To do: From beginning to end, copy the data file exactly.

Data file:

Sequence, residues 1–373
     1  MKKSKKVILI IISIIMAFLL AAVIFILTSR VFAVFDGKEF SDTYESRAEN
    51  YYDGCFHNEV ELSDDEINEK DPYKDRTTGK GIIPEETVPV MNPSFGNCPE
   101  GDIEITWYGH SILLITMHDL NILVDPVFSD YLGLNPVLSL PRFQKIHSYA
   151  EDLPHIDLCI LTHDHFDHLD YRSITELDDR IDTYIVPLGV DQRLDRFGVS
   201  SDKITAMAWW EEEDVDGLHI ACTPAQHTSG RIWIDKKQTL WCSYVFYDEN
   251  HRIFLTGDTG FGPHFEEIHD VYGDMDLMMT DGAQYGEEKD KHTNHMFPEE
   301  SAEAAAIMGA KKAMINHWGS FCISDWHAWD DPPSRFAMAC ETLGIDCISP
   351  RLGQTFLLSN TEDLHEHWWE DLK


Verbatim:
Sequence, residues 1–373
     1  MKKSKKVILI IISIIMAFLL AAVIFILTSR VFAVFDGKEF SDTYESRAEN
    51  YYDGCFHNEV ELSDDEINEK DPYKDRTTGK GIIPEETVPV MNPSFGNCPE
   101  GDIEITWYGH SILLITMHDL NILVDPVFSD YLGLNPVLSL PRFQKIHSYA
   151  EDLPHIDLCI LTHDHFDHLD YRSITELDDR IDTYIVPLGV DQRLDRFGVS
   201  SDKITAMAWW EEEDVDGLHI ACTPAQHTSG RIWIDKKQTL WCSYVFYDEN
   251  HRIFLTGDTG FGPHFEEIHD VYGDMDLMMT DGAQYGEEKD KHTNHMFPEE
   301  SAEAAAIMGA KKAMINHWGS FCISDWHAWD DPPSRFAMAC ETLGIDCISP
   351  RLGQTFLLSN TEDLHEHWWE DLK